Presbyopic Correction – FAQ 2

Troubleshooting Segmented Translating Designs: How Do I Manage Poor Visual Acuity?

Background

Segmented translating bifocal designs are prism-ballasted and are often fit “On K” or slightly flatter. For most designs it is recommended that the seg line position at, or slightly below, the lower pupil margin in normal room illumination. For trifocal designs, the intermediate zone is typically positioned over the inferior pupil area in straight-ahead gaze.

The lens should be positioned inferiorly with the bottom of the lens resting on, or closely adjacent to, the lower lid margin. When the wearer drops his or her eyes to read, the inferiorly positioned segmented zone should push up and be positioned in front of the pupil.

A diagnostic fitting set is often indicated when fitting a specific design.

Poor Vision at Distance

There can be several causes of this problem:

  • High seg position. If the seg line is positioned into the pupil with straight-ahead gaze, it is recommended to decrease the seg height.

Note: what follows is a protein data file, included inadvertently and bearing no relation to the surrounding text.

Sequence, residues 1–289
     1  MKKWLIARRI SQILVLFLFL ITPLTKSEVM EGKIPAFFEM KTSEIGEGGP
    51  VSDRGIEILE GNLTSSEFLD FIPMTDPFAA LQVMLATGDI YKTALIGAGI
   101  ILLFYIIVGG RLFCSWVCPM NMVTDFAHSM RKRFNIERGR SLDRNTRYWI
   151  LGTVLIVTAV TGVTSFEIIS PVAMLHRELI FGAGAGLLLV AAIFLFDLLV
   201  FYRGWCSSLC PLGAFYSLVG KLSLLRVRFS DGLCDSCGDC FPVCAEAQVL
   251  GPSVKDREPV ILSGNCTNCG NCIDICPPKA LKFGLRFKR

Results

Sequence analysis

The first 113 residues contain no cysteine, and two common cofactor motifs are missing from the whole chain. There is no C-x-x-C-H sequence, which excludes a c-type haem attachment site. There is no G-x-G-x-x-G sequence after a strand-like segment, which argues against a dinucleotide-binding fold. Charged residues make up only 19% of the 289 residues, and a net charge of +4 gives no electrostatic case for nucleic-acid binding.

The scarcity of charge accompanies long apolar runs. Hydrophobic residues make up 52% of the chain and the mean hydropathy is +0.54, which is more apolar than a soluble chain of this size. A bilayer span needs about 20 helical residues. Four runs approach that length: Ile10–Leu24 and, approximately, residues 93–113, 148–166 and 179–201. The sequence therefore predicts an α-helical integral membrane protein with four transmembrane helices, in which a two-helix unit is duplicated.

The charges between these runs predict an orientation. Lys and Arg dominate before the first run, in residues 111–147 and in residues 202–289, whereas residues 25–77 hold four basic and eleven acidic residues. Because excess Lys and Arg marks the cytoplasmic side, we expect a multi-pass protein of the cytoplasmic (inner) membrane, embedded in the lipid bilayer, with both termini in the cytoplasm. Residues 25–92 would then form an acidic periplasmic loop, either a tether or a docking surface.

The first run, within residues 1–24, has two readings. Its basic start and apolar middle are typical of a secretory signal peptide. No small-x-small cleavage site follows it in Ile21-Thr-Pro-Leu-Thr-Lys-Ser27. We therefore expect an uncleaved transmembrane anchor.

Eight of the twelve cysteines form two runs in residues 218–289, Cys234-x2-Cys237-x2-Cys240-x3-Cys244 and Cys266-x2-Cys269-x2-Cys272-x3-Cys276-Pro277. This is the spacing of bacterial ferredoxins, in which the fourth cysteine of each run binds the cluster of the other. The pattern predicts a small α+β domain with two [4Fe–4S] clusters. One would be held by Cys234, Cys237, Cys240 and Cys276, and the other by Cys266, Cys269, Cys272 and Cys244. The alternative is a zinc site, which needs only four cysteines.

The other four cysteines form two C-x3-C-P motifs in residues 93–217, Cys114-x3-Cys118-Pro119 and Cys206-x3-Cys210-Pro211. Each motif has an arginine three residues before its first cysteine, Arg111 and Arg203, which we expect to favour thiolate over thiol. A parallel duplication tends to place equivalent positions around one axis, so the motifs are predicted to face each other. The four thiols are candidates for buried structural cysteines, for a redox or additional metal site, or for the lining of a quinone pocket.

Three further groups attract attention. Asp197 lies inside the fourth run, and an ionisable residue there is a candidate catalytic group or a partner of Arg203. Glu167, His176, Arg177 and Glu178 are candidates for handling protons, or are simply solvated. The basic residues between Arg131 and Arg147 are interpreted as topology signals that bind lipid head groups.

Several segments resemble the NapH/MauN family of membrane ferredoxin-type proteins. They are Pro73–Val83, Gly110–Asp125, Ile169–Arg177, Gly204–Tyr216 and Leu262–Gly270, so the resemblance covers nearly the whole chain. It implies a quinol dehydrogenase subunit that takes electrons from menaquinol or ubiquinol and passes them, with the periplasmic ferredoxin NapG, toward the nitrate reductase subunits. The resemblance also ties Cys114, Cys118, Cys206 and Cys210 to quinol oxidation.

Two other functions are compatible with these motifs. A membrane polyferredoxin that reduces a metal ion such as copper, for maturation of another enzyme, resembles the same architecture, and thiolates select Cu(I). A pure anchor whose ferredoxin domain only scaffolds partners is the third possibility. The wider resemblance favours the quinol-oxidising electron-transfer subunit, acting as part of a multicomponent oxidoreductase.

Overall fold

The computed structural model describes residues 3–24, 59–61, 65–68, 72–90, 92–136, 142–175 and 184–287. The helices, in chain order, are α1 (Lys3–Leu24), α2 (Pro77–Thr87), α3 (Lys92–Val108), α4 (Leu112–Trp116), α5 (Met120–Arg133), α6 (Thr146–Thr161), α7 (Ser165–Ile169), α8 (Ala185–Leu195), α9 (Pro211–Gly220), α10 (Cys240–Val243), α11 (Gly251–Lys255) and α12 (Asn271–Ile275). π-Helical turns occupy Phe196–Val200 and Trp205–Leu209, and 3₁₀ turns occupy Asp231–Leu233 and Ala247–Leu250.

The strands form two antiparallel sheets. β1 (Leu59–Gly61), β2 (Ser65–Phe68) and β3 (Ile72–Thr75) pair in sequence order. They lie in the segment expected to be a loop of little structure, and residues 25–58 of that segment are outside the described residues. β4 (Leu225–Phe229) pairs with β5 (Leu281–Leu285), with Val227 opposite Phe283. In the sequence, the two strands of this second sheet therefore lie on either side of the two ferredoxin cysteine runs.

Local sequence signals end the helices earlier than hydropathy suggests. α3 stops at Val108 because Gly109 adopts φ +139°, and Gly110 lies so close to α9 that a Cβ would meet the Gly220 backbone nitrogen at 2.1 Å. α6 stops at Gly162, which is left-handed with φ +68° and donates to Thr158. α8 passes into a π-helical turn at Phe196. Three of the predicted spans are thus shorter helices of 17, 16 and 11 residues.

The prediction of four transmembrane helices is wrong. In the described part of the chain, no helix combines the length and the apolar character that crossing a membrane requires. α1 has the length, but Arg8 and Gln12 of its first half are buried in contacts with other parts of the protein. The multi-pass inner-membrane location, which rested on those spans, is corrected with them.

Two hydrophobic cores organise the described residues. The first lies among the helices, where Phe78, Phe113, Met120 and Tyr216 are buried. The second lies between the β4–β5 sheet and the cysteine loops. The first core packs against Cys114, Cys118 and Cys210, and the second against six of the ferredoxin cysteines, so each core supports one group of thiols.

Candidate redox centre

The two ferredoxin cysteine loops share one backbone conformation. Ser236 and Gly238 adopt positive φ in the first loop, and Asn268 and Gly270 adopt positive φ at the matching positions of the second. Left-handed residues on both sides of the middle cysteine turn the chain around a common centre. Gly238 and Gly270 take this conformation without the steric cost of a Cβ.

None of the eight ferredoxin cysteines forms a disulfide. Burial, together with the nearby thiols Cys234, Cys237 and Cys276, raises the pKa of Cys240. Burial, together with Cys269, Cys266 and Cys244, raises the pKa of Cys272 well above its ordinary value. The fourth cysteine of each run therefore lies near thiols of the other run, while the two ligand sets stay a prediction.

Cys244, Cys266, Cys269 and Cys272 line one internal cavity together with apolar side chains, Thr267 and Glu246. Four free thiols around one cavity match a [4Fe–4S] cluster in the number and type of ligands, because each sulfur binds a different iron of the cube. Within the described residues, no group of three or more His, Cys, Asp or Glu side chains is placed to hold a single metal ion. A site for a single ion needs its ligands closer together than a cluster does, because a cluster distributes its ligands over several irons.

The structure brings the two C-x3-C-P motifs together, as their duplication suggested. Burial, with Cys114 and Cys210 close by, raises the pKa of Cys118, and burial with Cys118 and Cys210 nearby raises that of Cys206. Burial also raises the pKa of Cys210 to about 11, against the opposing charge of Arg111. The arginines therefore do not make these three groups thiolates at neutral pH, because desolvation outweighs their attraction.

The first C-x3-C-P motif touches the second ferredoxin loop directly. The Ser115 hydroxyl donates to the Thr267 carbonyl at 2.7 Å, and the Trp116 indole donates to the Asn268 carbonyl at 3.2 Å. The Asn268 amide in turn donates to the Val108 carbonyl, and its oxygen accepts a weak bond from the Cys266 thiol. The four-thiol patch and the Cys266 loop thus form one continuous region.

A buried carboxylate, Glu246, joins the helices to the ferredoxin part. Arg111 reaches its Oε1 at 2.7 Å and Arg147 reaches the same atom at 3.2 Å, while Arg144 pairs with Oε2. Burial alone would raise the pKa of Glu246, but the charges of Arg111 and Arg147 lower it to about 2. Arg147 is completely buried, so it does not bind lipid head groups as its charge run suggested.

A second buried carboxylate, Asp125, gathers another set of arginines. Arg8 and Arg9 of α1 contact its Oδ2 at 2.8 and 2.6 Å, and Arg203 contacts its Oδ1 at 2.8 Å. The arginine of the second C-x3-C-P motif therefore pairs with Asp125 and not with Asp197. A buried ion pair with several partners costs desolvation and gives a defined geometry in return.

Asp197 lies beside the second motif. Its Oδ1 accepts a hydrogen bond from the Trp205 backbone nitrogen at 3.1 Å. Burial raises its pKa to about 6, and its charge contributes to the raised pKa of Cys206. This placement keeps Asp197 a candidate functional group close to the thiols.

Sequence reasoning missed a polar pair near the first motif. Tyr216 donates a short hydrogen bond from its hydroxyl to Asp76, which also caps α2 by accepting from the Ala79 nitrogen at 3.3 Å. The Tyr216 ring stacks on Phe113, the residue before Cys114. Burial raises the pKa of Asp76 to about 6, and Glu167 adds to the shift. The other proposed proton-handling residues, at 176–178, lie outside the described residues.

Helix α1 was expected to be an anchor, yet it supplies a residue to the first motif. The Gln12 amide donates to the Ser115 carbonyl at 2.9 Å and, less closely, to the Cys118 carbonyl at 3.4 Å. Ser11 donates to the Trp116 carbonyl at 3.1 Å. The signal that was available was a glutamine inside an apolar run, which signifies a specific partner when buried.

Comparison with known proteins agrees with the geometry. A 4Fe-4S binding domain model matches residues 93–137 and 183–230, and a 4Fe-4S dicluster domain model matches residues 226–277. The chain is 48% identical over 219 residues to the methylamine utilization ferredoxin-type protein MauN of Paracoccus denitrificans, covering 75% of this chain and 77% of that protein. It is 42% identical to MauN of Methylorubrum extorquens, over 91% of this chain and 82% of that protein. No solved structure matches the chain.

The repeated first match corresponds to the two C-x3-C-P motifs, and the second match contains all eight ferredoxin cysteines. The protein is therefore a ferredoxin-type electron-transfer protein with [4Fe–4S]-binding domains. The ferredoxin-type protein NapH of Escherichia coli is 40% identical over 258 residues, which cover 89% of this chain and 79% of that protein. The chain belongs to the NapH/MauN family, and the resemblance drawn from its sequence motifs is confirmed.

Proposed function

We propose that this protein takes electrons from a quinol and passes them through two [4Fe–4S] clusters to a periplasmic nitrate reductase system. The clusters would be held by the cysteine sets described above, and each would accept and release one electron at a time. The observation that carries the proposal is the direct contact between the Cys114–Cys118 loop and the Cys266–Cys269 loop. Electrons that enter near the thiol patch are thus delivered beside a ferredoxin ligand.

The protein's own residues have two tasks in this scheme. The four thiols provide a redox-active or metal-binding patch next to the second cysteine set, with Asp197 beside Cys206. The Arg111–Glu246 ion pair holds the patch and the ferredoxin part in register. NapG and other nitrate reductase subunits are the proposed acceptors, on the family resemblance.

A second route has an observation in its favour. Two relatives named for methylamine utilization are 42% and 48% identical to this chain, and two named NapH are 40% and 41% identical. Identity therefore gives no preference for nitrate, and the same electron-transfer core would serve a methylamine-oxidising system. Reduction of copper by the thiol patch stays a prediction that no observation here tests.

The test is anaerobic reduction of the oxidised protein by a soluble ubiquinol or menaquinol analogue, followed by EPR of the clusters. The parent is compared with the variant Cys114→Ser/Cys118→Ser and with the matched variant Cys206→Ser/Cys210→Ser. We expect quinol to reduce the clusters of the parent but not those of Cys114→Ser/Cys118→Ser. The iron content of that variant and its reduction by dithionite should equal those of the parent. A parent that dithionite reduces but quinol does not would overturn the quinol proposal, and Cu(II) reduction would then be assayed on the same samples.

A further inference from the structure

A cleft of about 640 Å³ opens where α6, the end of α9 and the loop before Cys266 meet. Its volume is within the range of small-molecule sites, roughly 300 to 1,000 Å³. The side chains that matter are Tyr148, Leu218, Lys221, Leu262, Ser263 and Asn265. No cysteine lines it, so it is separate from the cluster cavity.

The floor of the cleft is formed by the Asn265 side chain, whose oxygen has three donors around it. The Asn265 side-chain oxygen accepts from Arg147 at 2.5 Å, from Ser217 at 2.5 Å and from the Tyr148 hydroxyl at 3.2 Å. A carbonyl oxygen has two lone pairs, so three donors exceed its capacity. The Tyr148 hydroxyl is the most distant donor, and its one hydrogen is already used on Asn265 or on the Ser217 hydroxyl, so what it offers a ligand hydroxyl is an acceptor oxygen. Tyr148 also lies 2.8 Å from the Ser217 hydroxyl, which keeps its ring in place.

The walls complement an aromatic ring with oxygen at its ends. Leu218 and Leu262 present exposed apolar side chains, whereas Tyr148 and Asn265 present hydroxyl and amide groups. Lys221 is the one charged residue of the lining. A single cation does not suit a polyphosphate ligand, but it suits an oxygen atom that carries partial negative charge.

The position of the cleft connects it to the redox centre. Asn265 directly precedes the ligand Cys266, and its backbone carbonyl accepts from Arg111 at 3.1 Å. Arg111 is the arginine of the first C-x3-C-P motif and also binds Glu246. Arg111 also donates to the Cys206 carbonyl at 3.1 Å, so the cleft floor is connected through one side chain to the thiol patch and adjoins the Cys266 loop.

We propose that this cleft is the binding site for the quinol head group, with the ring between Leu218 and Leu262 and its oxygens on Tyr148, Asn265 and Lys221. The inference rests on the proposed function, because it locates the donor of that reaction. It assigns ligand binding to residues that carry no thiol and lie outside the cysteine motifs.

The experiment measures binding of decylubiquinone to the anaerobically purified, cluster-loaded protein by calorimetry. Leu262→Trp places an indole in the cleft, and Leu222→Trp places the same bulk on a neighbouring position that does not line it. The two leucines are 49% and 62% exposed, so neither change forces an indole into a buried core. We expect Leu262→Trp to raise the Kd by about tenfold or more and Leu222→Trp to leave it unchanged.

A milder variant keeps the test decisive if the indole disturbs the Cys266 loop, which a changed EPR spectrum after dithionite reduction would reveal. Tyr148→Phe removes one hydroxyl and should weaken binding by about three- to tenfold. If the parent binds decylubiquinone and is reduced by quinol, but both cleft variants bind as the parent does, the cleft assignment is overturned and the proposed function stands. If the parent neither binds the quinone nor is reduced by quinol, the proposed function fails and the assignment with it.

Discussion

• Lens picked up too high with the blink. These lenses should move only about 1mm with the blink. If the lens is picked up too superiorly, the prism ballast should be increased.
  • Excessive rotation of the seg with the blink. If the lens rotates excessively with the blink such that the seg is in front of the pupil with straight-ahead gaze, the selection of a flatter base curve radius will often allow the lens to release and maintain an inferior position.

Poor Vision at Near

There can be several causes of this problem:

  • Low seg position. If the seg line is positioned 1mm or more below the lower pupil margin, this may not allow the segment zone to cover the pupil sufficiently. A higher seg height is indicated, and as this is often the result of a borderline low-positioned lower lid, a larger overall diameter is often necessary as well.
  • Poor lens translation. If the lens does not translate (i.e., shift upward) with downward gaze, the selection of a flatter base curve radius will increase edge clearance, resulting in a greater likelihood of lens contact with the lower lid with downward gaze. Alternatively, flattening the peripheral curve radius or increasing prism ballast may also help solve this problem. Truncation can be particularly beneficial with plus-power and low minus-power lenses, as this will increase edge thickness.
  • Patient drops head, not eyes, to read. This should also be ruled out and the patient educated to drop his or her eyes to allow translation to occur.

Useful Resources

GP Lens Institute

Publications

Acknowledgements

GP Lens Institute Advisory Committee members: Bruce Anderson OD, Marlane Brown OD, Carmen Castellano OD, Walter Choate OD, S. Barry Eiden OD, John Laurent OD, PhD, Derek Louie, OD, MS, Joe Shovlin OD, Frank Weinstock MD, Bruce Williams OD.